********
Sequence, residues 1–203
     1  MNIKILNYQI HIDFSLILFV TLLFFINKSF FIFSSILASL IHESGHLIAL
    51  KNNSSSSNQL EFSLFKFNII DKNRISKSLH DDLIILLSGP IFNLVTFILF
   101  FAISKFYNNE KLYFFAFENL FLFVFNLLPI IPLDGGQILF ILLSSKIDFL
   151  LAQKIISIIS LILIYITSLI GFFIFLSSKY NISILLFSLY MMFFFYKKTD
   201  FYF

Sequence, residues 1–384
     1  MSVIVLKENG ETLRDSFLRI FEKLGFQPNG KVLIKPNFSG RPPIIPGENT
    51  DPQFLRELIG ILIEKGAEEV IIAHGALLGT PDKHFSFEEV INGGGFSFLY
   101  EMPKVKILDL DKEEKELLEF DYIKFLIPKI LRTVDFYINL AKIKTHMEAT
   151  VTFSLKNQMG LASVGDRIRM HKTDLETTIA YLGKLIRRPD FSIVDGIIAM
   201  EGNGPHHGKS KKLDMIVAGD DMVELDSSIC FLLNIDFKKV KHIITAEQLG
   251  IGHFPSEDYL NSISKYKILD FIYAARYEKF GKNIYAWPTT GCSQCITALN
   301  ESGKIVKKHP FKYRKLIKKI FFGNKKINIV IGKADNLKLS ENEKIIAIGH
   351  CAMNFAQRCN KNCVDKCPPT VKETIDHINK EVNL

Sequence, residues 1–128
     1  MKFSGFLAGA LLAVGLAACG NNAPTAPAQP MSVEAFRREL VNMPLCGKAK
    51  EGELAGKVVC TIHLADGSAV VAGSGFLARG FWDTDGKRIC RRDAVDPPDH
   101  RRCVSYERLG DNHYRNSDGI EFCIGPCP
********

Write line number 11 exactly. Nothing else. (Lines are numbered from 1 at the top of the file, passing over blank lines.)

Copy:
   151  VTFSLKNQMG LASVGDRIRM HKTDLETTIA YLGKLIRRPD FSIVDGIIAM